Against this backdrop, it is enlightening to follow Kline's recapitulation of the transition from first- to second-order cybernetics constituted by the move from closed to open systems and the self-referential inclusion of the observer, which resonated strongly with the ecological counterculture movement of the 1970s by providing a holistic perspective on the embeddedness of humans within a planetary natural environment. Highlighting the links between the work of Bateson, von Förster, Humberto Maturana, Francesco Varela, Ludwig von Bertalanffy's general systems theory, and Brand's Whole Earth Catalog, Kline points to a reinvention of cybernetics as a 'radical epistemology' that suggested the potential for sustained dialogues with not only the social sciences, but also philosophy and the arts (242). Compared to the wide-spread excitement over cybernetics during the postwar years and in light of Kline's focus on the natural sciences, his relegation of second-order cybernetics to 'a marginal life […] in the social sciences and humanities' by the early decades of the twenty-first century seems understandable but might leave some scholars working at the nexus of the sciences and the humanities puzzled (244).

It seems justifiable to suggest that especially over the past three decades and in the academic context of continental Europe, second-order cybernetics and systems theory has become a fertile ground for exciting new convergences between the sciences and the humanities under the umbrella of hybrid fields such as media philosophy, science studies, and posthumanism. Exemplary in this regard, and recommended as complementary to Kline's historical account, are the works by French philosopher Michel Serres (occasionally labelled neocybernetics), literary critic N Katherine Hayles, and media scientist Friedrich Kittler. It is not without significance that cybernetics is being increasingly revisited in the contemporary wake of what has been called German Media Theory (note for instance, Claus Pias's edited transactions of the Macy Conferences (2003, 2004) or Benhard Pörksen's published book-length interviews with von Förster and Maturana (1998-2004)). While Kline's book will persist as a commendable contribution to the history of twentieth-century science, it will undoubtedly be well received by scholars carrying forward the momentum of such fields as media archaeology and Latourian science studies. Rather than portraying the history of cybernetics as bounded and linear, The Cybernetics Moment derives its strengths from its documentation of scientific discourse formation as a contingent and hybrid cultural practice, riddled with continuities and ruptures, and determined by precisely the type of feedback loops between human and nonhuman actors that cyberneticists were so adamant about revealing. Not least with respect to the current reinvigoration of ecocriticism and interdisciplinary attention to the anthropocene, Kline's book presents an invaluable resource that sheds light on the conceptual foundations of some of the most convincing investigations of interactions between human civilization and planetary ecologies.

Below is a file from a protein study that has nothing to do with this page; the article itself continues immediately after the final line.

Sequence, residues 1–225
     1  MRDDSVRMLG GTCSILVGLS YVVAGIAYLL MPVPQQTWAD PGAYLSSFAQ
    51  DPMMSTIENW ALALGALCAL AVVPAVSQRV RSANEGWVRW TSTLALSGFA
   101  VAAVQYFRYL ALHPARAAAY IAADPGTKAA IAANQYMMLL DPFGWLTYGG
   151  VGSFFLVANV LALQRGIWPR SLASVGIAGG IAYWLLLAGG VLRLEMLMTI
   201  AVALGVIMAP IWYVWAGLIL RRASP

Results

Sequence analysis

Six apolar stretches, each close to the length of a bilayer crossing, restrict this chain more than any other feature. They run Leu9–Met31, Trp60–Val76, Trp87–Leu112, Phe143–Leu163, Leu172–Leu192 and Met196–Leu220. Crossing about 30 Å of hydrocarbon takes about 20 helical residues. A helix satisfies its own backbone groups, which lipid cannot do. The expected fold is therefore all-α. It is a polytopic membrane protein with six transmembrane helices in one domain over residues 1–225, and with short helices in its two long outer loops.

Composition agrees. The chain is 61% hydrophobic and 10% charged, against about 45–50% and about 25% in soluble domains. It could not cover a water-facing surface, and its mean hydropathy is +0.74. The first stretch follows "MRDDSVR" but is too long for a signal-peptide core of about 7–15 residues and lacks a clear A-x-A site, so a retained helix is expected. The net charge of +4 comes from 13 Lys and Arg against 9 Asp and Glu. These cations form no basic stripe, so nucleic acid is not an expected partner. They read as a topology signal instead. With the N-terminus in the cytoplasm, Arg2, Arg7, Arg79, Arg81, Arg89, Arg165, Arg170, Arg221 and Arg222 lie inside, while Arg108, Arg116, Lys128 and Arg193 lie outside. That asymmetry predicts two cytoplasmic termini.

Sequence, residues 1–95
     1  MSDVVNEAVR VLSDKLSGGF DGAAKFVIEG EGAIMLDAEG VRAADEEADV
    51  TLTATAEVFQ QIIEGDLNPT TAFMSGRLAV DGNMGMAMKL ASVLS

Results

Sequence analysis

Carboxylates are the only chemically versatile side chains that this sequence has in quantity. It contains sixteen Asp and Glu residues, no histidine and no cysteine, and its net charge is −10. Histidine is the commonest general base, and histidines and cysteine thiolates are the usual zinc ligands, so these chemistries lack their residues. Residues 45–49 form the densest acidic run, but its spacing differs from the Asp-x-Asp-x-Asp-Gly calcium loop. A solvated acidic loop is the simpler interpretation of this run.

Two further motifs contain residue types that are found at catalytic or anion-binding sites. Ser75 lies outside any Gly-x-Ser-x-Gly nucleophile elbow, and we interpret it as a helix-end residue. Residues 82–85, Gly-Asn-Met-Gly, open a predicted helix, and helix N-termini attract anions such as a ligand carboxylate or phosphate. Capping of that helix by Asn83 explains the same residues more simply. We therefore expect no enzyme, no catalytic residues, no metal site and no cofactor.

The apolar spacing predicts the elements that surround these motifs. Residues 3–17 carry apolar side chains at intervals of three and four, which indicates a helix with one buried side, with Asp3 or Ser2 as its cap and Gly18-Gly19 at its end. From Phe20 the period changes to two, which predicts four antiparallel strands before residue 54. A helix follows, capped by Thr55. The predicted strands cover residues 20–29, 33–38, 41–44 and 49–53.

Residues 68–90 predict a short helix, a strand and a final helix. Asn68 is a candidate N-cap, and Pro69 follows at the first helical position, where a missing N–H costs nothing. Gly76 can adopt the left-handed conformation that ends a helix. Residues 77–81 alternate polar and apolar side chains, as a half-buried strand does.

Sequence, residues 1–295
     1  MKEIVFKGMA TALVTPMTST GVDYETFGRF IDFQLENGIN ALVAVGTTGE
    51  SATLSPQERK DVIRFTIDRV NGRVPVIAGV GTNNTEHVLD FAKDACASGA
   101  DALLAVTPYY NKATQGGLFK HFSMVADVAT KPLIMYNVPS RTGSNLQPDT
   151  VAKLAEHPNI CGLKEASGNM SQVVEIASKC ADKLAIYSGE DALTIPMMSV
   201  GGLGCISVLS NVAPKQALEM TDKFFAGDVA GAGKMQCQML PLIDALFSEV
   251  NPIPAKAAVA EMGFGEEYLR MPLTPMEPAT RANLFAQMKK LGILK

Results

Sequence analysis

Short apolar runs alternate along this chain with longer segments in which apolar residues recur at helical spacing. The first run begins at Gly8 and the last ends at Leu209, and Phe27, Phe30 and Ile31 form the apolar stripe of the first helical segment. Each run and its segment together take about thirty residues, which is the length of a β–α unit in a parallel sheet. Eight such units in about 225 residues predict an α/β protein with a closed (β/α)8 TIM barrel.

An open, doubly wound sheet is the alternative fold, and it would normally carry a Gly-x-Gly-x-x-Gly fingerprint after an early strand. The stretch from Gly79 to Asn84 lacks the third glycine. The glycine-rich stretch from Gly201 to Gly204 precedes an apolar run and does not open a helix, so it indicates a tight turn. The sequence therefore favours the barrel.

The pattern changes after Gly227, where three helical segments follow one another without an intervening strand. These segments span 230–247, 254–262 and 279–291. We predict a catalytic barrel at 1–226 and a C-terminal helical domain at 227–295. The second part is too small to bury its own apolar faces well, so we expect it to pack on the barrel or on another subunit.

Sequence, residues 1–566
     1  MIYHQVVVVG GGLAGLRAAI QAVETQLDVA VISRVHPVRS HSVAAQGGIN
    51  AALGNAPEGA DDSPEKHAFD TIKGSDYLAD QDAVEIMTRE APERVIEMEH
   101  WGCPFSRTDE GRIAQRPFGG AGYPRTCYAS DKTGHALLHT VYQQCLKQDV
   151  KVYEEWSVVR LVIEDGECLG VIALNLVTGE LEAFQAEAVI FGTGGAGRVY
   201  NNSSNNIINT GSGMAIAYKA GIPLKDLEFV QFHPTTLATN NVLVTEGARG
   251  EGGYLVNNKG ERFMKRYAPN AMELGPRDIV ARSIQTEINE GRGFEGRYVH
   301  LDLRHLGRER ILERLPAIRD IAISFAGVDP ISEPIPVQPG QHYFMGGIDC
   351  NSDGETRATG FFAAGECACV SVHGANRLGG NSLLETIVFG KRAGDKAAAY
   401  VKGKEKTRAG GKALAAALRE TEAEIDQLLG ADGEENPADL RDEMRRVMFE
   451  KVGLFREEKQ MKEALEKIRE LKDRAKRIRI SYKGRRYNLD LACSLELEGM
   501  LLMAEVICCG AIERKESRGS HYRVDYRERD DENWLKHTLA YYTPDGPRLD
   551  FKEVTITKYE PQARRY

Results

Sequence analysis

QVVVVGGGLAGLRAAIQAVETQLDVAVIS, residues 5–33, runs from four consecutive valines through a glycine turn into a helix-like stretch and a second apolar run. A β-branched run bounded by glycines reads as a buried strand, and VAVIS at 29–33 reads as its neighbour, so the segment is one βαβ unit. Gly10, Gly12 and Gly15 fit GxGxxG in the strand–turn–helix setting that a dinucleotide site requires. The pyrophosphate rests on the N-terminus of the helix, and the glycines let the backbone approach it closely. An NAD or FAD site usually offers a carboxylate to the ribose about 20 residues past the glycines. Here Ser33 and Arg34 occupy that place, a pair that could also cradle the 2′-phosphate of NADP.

Moritz Ingwersen, Trent University, Ontario